Five Stories You Might Have Missed

John McCain decided to participate in Friday’s presidential debate, which was predictably dominated by questions on the economy.  The status of the U.S. economy continues to garner significant international attention, but other stories also developed this week.

1. In perhaps the most important development last week, Congress reached a deal on a $700 billion bailout package for the financial sector.   Progress towards an agreement had collapsed last week after House Republicans withdrew their support for President Bush’s initial proposal and Democrats refused to move forward without their support.  The impact of the financial collapse (and bailout) in the United States has yet to be felt, but already some—including Germany’s finance minister, Peer Steinbrück—are arguing that the crisis means the U.S. has lost its “financial superpower status.”

2. In the most recent development in souring Russian-American relations, Russia and Venezuela moved to cooperate more closely in areas of energy policy.  This follows on the announcement that Russian naval vessels and aircraft would participate in Venezuelan war games in the southern Caribbean.  Since 2005, Venezuela has used a portion of its oil wealth to purchase more than $4 billion worth of weapons systems, including fighter aircraft, helicopters, anti-aircraft systems, and armored personnel carriers, from Russia.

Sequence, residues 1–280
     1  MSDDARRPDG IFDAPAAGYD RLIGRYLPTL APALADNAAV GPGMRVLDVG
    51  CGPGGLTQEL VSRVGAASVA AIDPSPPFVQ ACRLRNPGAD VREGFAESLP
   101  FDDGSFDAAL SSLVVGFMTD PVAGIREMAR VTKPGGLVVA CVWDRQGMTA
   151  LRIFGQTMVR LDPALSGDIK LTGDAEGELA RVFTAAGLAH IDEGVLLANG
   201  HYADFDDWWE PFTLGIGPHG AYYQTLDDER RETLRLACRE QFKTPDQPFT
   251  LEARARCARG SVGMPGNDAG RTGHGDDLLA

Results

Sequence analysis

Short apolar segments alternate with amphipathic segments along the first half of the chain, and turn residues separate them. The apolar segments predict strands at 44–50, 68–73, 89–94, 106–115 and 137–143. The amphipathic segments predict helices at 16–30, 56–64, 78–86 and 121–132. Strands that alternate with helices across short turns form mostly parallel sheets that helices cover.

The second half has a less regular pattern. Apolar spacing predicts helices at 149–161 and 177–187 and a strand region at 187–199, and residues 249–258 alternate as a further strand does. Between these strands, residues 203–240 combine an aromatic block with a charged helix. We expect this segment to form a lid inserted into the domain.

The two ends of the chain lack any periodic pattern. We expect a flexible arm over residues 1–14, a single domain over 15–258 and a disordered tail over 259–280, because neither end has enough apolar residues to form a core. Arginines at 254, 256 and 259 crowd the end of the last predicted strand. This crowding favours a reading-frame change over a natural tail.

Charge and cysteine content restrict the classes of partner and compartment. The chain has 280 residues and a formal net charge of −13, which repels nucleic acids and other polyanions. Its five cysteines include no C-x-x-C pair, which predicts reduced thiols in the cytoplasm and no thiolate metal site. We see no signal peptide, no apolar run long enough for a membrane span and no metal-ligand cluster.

3. The vast expanses of space are becoming a bit more crowded, as China and India expand their own space programs.  China launched the country’s third manned space mission on Friday.  The mission culminated with a successful space walk over the weekend.  Meanwhile, India is planning its own launch intended to map the surface of the moon.  According to some observers, the Chinese and Indian governments are engaged in a new space race, echoing the U.S.-Soviet rivalry of the 1960s.  

4. On Saturday, the Syrian capital Damascus was rocked by a car bomb which killed 17 and injured 44 people.   Although no group has yet claimed responsibility, suspicions have fallen on resurgent Sunni fundamentalist groups.

5. South Africa’s president Thabo Mbeki abruptly resigned last week.  Although the African National Congress’ leader Jacob Zuma is likely to be elected president in the upcoming election, Kgalema Motlanthe, former guerrilla and union leader, was selected as the interim president on Thursday.  Motlanthe says his agenda will focus on maintaining economic and political stability.

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